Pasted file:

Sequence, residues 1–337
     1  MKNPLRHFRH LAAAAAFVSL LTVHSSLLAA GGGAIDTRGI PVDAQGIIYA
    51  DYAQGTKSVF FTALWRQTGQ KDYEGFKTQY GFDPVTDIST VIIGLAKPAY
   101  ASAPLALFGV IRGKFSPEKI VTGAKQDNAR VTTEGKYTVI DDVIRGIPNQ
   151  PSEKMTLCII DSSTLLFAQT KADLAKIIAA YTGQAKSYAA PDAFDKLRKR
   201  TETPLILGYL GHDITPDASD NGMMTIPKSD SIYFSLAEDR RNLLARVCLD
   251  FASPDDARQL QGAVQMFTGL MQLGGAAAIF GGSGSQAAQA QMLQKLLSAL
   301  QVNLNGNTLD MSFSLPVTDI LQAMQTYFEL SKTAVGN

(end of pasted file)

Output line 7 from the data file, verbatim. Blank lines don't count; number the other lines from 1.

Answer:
   251  FASPDDARQL QGAVQMFTGL MQLGGAAAIF GGSGSQAAQA QMLQKLLSAL